“I can come up –” Mira began.

“No. Stay there. Do the thing. I’ll teach my daughter to fire weaponized comm lasers at hunks of rock –

“Albedo 0.03, indicating –”

I shot scowl at the V.I. terminal. “We’ll bond.”

“Do. Las. Ser,” Kaetlyn whispered, punching release, reset, and recharge with each syllable.

“You should take something,” Mira said.

“I did,” I rubbed at my neck. “It’s just making me drag ass.”

“Okay, I’ll be done here in an hour.” She looked back at the open service panel in front of her. “Two hours, tops, then I’ll come up and spot you.”

“Sure,” I said. “Do what needs doing. I’ll live.” I flipped off the comms.

“Laser-baser,” Kaetlyn announced, and shoved down on the plunger.

Pop-clack. Ding. “Albedo 0.06, indicating carbonaceous chondrite.”

Release, Reset, Recharge. Pudgy fingers on grime-stained keys. She’ll be flying the ship by the time she’s five. The thought made me unaccountably sad.

“Laser-baser,” she whispered.

Pop-clack. Ding. “Albedo 0.03…”

“Good job, bug.” I kissed the top of her head. “You do laser. Daddy’s gonna close his eyes for a minute.

“Okay, Daddy.”

Release. Reset. Recharge.

Pop-clack. Ding. “Albedo 0.04…”

Pop-clack. Ding. “Albedo 0.03…”

Pop-clack. Ding. “Albedo 0.05…”

Pop-clack. Ding. “Albedo 0.04…”

Pop-clack. Ding. “Albedo 0.10…”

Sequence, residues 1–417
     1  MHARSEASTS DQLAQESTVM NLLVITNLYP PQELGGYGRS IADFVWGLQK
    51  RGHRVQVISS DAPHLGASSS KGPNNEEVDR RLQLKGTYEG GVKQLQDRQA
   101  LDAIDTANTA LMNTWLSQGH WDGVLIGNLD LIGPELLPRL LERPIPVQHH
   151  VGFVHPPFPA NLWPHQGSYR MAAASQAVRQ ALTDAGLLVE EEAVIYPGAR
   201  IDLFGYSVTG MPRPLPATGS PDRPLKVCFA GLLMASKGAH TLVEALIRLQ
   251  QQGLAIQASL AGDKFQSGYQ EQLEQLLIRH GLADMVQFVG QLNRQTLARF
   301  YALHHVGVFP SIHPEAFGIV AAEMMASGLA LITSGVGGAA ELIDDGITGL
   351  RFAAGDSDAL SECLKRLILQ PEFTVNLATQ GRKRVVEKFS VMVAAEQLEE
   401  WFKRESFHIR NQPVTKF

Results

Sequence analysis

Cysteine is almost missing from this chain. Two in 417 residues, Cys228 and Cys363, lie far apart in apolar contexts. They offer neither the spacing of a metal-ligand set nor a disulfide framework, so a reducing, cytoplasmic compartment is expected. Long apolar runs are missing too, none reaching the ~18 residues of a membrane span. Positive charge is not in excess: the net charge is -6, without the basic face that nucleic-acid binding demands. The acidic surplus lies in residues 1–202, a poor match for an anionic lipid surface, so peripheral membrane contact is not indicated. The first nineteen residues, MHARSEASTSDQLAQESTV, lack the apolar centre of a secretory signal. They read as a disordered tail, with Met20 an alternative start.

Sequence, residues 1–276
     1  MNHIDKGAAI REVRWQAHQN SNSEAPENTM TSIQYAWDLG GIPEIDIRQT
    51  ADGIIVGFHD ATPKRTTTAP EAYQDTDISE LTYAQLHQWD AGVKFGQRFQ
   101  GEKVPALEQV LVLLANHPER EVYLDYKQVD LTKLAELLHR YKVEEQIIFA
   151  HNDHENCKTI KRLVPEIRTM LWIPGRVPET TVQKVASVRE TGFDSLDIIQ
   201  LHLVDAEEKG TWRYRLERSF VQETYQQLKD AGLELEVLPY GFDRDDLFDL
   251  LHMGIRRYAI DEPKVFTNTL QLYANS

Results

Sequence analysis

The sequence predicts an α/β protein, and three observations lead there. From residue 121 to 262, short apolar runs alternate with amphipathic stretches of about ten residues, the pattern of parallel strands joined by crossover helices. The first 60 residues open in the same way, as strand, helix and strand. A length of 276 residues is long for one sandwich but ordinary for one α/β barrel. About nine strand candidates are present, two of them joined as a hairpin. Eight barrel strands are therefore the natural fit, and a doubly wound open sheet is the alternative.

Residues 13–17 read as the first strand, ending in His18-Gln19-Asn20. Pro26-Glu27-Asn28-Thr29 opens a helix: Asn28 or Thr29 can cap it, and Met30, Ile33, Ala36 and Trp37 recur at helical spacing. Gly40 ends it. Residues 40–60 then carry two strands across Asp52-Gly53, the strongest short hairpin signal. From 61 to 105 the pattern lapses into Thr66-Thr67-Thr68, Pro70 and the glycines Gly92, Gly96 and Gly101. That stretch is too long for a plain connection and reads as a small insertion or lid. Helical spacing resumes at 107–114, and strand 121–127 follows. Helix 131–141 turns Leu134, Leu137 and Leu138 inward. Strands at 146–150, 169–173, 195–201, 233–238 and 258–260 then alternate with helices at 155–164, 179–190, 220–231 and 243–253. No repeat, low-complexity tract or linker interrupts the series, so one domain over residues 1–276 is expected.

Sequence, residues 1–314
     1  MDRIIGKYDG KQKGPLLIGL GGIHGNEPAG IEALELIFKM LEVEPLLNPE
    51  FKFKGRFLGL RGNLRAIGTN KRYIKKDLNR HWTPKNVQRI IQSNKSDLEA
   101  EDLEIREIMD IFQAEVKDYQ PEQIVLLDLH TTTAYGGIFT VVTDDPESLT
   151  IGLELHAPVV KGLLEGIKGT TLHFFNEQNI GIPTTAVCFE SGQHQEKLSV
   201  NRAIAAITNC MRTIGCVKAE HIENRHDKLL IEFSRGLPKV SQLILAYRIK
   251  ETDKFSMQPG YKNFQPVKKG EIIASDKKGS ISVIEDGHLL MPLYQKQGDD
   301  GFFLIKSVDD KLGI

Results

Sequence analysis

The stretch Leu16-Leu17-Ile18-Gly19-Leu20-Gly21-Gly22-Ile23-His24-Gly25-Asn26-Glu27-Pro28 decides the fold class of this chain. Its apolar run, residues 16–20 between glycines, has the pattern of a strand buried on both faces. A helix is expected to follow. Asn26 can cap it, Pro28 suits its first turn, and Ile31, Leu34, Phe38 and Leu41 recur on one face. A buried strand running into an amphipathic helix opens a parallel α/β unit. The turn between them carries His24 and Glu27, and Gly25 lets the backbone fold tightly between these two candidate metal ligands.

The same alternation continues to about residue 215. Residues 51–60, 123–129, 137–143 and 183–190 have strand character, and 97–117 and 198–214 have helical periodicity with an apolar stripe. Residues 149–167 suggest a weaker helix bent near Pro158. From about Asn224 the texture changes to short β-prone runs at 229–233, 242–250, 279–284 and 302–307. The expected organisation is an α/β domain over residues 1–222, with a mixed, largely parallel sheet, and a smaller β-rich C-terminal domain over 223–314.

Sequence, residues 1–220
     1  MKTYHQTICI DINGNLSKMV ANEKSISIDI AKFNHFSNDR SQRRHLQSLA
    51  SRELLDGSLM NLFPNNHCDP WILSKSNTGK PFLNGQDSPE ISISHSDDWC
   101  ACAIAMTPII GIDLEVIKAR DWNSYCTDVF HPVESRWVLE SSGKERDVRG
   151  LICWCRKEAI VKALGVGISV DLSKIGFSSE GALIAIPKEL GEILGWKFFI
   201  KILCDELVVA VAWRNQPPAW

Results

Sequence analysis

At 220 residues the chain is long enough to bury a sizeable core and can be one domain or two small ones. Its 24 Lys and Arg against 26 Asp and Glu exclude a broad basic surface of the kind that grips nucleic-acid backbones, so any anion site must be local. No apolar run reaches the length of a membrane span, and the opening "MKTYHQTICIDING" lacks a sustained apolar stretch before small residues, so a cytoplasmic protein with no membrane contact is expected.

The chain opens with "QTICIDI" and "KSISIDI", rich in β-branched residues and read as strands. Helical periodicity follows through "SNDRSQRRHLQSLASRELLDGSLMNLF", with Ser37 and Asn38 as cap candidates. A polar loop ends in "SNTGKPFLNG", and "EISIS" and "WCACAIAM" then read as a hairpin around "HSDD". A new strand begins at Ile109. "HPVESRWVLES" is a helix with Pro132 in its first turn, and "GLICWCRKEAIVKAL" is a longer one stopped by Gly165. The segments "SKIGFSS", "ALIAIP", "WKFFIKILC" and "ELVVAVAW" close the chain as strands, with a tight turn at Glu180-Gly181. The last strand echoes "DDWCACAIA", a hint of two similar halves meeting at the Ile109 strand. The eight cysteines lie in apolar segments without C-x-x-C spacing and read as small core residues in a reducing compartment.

Pop-clack. Ding. “Albedo 0.11…”

Pop-clack. Ding. “Albedo 0.53…”

Wrong. I frowned, licking at dry lips and trying to swallow past the ball of steel wool in my throat. “Repeat target,” I croaked, my eyes still closed.



“Do –” I swallowed again, grimacing against the pain. “Do the laser again, sweetie.”

Pop-clack. Ding. “Albedo 0.55…”

I tried to open my eyes, squinting at the conduits networked over the ceiling. “Repeat target, one degree variation.”


“Do laser again, Daddy?”

“Do that laser, sweetie.”

Pop-clack. Ding. “Albedo 0.88…”

“What?” I sat up, trying to blink the V.I. into focus.

“…indicating synthetic amalgam.”

“OH Sh–”

“And that,” I explained, standing in front of the external comms screen, “is why we accidentally lased your hydroponics unit.” I quietly tried to clear my throat without grimacing into the video pickup at the very unhappy-looking science outpost administrator staring back at me.

“I sorry.” Kaetlyn whimpered from the console chair — the very image of toddler remorse. “I sorry I do laser on you.”